The vast majority of travellers are decidedly un-laid back about fellow passengers reclining their seats on an aircraft.
According to a new poll by travel search site Skyscanner, an overwhelming 91% of air passengers believed seat reclining should be either banned or limited on short-haul flights. The survey of more than 1,000 flyers also found that 43% of people even felt that long-haul flights should implement set times when passengers are permitted to recline their seat. Almost a third of those surveyed said a reclined seat had caused them discomfort, and 3% revealed they’d even suffered an injury.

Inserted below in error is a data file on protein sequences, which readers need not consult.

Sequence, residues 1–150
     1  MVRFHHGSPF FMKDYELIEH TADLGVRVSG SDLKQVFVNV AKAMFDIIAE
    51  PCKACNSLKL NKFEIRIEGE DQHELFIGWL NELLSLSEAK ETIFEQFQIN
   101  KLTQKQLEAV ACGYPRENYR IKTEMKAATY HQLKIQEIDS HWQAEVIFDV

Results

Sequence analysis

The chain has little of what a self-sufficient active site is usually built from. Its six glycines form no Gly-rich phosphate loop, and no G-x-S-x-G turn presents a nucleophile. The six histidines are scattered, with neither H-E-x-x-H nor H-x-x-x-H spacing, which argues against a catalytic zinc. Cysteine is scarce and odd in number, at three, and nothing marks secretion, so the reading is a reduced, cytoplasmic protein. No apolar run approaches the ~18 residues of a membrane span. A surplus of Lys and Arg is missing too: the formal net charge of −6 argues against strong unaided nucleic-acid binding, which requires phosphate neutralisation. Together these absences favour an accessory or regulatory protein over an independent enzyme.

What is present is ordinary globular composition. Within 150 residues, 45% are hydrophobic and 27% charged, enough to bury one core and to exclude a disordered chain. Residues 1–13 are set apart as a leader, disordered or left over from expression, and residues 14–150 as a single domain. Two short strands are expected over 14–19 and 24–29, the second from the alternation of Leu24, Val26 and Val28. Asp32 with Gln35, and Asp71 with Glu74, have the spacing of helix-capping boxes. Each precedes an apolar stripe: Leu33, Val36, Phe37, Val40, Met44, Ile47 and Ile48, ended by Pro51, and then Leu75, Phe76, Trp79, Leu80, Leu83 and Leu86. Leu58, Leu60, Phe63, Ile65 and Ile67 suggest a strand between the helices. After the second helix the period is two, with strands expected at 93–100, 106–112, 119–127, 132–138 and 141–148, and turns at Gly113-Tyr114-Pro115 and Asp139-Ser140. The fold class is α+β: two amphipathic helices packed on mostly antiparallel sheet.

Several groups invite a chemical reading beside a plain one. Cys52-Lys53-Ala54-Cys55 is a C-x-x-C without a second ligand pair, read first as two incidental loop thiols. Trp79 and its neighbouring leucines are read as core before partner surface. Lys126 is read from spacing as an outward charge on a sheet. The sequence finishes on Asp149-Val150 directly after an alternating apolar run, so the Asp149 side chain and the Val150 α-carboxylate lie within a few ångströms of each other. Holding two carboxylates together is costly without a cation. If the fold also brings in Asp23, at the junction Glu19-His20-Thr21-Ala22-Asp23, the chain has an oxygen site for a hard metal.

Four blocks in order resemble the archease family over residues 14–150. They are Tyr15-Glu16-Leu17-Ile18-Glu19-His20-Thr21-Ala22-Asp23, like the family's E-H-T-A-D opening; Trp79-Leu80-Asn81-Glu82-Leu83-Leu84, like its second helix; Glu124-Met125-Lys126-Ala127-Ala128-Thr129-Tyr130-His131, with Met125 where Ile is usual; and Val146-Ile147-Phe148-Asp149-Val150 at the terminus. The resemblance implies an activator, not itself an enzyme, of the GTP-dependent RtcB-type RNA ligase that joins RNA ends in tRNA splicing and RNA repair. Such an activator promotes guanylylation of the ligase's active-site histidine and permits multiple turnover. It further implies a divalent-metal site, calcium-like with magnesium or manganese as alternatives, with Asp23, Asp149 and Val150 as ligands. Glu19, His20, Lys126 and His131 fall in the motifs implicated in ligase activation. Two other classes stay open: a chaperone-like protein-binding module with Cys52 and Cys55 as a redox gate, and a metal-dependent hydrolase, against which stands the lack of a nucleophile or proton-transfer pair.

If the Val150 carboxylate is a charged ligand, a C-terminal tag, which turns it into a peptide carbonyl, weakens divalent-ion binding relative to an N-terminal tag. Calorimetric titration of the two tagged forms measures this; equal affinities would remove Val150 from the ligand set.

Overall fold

Skyscanner also revealed that the idea of banning seat reclining would be welcomed by cabin crew – more than 60% of international cabin crew surveyed said they have witnessed arguments between passengers on the subject of reclined seats.
“The effect of people reclining their seat can result in various negative emotions such as anger, stress, anxiety, frustration and upset for the passenger behind them. This emotional impact can result in a whole range of unhelpful behaviours, including air rage,” explained psychologist Dr. Becky Spelman.
And this “unhelpful behaviour” appears to be worryingly common. The survey found that 70% of people would still recline their seat if sat in front of a pregnant woman, and 80% wouldn’t care if the person behind was elderly. Men over the age of 35 were more likely to exhibit such selfish characteristics.
And while the problem could often be solved simply asking a fellow passenger’s permission to recline a seat, the study found that most people (64%) have never done so.